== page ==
Brian J. Moran MD, Medical Director of Chicago Prostate Cancer Center, has been performing brachytherapy procedures to treat prostate cancer since 1990, with over 15,000 brachytherapy treatments to date. In that 27+ years, he has placed a high value in the effectiveness of brachytherapy due to the cure rate and level of patient satisfaction with the procedure. “When I first started with brachytherapy, the critics would contend that there was not enough follow-up in 5 years,” he stated. “Now, there is 20-year data that shows this treatment has outcomes the same as surgery or external beam radiation. And the outcomes can actually be considered much better when you factor in the quality of life issues.”
But the doctor still sees a struggle in getting fellow physicians to adopt the treatment. “In the past, 95% of my business came from referrals sent by other physicians,” he shared. “Now that figure has dropped to around 20%. Unfortunately, much of the medical environment does not offer brachytherapy, because doctors tend to offer the treatment that they are trained in, or, if you own a radiation center, that’s where you are likely to refer patients to.”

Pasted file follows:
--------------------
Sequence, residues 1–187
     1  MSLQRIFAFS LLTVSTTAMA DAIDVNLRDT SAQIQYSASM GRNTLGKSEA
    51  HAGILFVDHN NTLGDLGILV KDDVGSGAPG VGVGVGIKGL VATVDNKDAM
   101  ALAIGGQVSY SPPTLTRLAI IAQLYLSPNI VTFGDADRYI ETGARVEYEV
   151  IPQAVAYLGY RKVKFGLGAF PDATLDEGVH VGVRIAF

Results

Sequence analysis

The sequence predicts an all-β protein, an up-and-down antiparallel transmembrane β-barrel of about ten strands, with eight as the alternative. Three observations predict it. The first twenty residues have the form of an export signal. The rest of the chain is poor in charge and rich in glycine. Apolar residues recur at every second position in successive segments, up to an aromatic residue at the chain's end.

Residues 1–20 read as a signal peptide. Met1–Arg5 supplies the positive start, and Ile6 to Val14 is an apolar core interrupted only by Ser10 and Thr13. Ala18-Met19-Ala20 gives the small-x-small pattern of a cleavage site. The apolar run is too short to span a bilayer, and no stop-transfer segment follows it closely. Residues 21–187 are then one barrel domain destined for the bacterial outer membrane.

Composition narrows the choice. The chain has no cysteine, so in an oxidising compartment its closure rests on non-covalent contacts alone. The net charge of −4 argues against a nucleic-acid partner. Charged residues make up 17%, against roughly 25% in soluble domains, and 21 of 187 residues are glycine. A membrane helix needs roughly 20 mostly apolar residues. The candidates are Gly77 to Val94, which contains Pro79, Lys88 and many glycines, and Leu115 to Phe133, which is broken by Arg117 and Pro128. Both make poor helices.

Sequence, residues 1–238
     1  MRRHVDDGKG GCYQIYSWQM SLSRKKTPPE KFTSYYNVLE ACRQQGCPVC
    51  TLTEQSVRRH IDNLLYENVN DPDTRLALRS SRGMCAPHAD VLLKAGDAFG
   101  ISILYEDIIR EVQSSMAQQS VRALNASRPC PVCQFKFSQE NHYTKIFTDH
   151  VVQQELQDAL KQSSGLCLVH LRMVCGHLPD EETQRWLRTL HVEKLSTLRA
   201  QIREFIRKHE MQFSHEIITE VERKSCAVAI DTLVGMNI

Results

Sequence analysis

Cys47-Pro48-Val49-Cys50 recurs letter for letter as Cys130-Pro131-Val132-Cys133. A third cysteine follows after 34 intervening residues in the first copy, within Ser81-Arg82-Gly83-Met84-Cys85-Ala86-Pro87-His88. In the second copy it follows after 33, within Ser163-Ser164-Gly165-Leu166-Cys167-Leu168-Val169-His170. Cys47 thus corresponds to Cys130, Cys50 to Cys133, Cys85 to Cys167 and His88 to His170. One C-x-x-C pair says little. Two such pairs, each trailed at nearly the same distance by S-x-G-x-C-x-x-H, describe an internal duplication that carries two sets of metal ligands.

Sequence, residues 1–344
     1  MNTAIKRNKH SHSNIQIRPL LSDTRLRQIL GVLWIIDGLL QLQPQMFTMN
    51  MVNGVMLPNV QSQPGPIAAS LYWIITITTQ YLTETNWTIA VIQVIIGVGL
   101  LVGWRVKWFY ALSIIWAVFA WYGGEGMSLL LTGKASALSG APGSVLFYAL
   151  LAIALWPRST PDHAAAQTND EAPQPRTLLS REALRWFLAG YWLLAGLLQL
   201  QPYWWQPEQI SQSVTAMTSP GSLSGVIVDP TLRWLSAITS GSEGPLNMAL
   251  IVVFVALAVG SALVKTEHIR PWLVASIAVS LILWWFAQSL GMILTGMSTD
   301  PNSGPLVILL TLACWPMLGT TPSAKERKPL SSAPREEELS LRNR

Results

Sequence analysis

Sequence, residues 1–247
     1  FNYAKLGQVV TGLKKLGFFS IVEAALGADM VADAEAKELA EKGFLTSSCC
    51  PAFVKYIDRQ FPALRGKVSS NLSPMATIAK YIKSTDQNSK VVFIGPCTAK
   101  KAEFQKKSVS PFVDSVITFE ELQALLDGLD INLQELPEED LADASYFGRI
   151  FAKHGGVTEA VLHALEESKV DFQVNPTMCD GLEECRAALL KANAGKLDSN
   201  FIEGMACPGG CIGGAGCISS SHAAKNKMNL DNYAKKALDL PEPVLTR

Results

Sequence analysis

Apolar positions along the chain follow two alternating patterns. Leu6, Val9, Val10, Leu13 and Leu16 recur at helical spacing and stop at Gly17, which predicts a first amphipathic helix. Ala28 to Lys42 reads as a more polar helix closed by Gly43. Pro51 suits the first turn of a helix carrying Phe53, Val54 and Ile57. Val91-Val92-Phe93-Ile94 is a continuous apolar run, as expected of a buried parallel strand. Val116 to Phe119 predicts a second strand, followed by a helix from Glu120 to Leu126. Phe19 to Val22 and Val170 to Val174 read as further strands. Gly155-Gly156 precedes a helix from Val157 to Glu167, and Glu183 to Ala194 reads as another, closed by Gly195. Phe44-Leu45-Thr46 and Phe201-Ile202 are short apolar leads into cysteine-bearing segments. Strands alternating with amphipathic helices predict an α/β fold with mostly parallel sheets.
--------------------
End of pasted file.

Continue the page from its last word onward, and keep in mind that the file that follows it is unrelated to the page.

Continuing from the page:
But Dr. Moran is still very busy performing this effective treatment, due to patient demand for brachytherapy. “With physician referrals down to only 20%, our remaining 80% of new patients are referred by other former patients, or they come to us on their own,” he explained. “The majority of patients receiving brachytherapy are self-motivated to pursue it. Many baby boomers are finding us on their own, as they are better consumers of healthcare in that they make use of the data that is available.” In addition, many men don’t want to spend upwards of 8 weeks with external beam radiation treatment or risk erectile dysfunction, which may occur with surgery. Furthermore, the available data is strong, showing the effectiveness of brachytherapy in combination with other treatments.
Focal brachytherapy: Same results with even fewer side effects